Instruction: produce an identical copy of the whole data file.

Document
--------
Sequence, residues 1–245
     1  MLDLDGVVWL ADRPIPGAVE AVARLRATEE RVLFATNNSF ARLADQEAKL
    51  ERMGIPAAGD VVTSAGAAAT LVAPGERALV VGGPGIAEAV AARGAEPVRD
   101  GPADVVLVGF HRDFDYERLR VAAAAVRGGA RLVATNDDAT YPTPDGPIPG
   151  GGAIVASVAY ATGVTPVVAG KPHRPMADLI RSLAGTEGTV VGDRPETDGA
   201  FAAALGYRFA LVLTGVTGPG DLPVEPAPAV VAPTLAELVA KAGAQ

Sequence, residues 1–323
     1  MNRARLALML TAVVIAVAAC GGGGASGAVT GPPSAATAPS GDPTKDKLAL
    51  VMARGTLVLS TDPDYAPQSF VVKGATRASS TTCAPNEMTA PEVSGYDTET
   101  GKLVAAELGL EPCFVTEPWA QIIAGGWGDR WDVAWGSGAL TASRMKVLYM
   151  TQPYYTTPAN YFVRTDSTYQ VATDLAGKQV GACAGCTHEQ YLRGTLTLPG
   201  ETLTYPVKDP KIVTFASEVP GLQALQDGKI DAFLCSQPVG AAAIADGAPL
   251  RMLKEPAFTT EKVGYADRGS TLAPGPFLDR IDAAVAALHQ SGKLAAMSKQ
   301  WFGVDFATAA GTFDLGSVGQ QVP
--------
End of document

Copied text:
Sequence, residues 1–245
     1  MLDLDGVVWL ADRPIPGAVE AVARLRATEE RVLFATNNSF ARLADQEAKL
    51  ERMGIPAAGD VVTSAGAAAT LVAPGERALV VGGPGIAEAV AARGAEPVRD
   101  GPADVVLVGF HRDFDYERLR VAAAAVRGGA RLVATNDDAT YPTPDGPIPG
   151  GGAIVASVAY ATGVTPVVAG KPHRPMADLI RSLAGTEGTV VGDRPETDGA
   201  FAAALGYRFA LVLTGVTGPG DLPVEPAPAV VAPTLAELVA KAGAQ

Sequence, residues 1–323
     1  MNRARLALML TAVVIAVAAC GGGGASGAVT GPPSAATAPS GDPTKDKLAL
    51  VMARGTLVLS TDPDYAPQSF VVKGATRASS TTCAPNEMTA PEVSGYDTET
   101  GKLVAAELGL EPCFVTEPWA QIIAGGWGDR WDVAWGSGAL TASRMKVLYM
   151  TQPYYTTPAN YFVRTDSTYQ VATDLAGKQV GACAGCTHEQ YLRGTLTLPG
   201  ETLTYPVKDP KIVTFASEVP GLQALQDGKI DAFLCSQPVG AAAIADGAPL
   251  RMLKEPAFTT EKVGYADRGS TLAPGPFLDR IDAAVAALHQ SGKLAAMSKQ
   301  WFGVDFATAA GTFDLGSVGQ QVP